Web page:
• have had another cancer within the past 3 years that has got worse or needed treatment apart from successfully treated non melanoma skin cancer Open a glossary item or any carcinoma in situ Open a glossary item for example breast and cervical
  • are known to be allergic to pembrolizumab or any of its ingredients
  • have inflammation of the lungs not caused by an infection (pneumonitis) or have had steroids to treat this in the past
  • have had hepatitis B
  • have an active infection of hepatitis C
  • have or had an autoimmune disease Open a glossary item in the past 2 years that needed treatment unless it was treatment to replace substances needed in the body for example hormone replacement for a thyroid gland that isn’t working well or insulin
  • have an infection that needs treatment that reaches the whole body (systemic treatment Open a glossary item)
  • have HIV
  • have had tuberculosis (TB)
  • have any other medical condition or mental health problem that your doctor or the trial team think could affect you taking part in the trial
  • are pregnant or breastfeeding
  • have had a stem cell or bone marrow transplant from another person (allogenic transplant Open a glossary item)
  • have had a solid organ transplant Open a glossary item such as kidneys or liver

Trial design

This is an international phase 3 trial. The trial team need 530 people worldwide with 40 in the UK to join. 

This is a randomised trial. There are 2 treatment groups. Neither you nor your doctor can choose which group you are in. And neither you nor your doctor will know which group you are in. This is a double blinded trial.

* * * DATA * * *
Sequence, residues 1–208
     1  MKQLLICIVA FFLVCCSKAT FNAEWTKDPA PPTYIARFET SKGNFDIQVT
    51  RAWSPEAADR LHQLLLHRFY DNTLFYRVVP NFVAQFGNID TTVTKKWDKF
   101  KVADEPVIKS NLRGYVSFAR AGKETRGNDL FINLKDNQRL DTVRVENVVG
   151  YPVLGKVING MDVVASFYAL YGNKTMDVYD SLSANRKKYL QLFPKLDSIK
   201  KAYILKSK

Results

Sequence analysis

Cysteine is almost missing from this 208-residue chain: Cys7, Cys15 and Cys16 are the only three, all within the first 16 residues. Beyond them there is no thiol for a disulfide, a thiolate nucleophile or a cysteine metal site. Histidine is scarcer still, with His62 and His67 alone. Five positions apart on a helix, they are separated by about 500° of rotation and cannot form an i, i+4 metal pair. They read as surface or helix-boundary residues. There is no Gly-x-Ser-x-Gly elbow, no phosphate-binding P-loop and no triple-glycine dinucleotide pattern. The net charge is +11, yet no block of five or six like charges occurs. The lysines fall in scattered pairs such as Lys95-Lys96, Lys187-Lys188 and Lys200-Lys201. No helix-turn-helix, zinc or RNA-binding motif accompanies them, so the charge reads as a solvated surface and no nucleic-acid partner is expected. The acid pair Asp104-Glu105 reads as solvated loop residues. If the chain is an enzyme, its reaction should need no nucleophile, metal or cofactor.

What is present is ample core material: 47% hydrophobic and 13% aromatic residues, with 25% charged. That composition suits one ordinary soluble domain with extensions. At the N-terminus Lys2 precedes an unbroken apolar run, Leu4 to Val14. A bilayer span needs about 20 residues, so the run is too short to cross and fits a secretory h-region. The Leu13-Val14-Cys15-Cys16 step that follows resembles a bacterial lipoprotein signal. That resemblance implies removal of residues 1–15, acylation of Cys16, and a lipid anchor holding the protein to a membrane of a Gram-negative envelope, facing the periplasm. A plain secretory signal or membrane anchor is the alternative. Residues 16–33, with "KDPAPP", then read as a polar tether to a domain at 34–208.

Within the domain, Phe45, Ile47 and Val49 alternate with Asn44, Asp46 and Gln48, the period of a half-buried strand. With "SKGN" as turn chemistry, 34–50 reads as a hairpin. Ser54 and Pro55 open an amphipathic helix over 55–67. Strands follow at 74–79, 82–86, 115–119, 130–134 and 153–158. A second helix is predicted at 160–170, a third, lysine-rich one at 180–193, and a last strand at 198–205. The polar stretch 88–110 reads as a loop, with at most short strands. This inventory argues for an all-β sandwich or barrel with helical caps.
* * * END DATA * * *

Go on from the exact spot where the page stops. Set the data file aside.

The groups are:

  • stereotactic radiotherapy and pembrolizumab
  • stereotactic radiotherapy and a dummy drug (placebo)

You have a planning appointment before starting radiotherapy. This is to work out how much radiation you need and exactly where you need it. You have radiotherapy once a day Monday to Friday for 2 weeks. 

You have pembrolizumab or the dummy drug as a drip into a vein. You have it once every 3 weeks. Each 3 week period is a cycle of treatment Open a glossary item. You have 17 cycles of treatment that is about 1 year. 

You give extra blood samples and tissue samples (biopsies Open a glossary item) during the trial. Researchers use these to look for substances (biomarkers Open a glossary item) that can:

  • tell them how well treatment is working
  • what is happening in the body
  • tell them more about NSCLC

They’ll store these samples so other researchers can use them in the future.

You don’t have to agree to have these samples taken. You can still take part in the trial. 

Quality of life 
The researchers also want to find out what impact the treatment has on your quality of life. They will ask you fill in some questionnaires:

  • before you start treatment
  • during treatment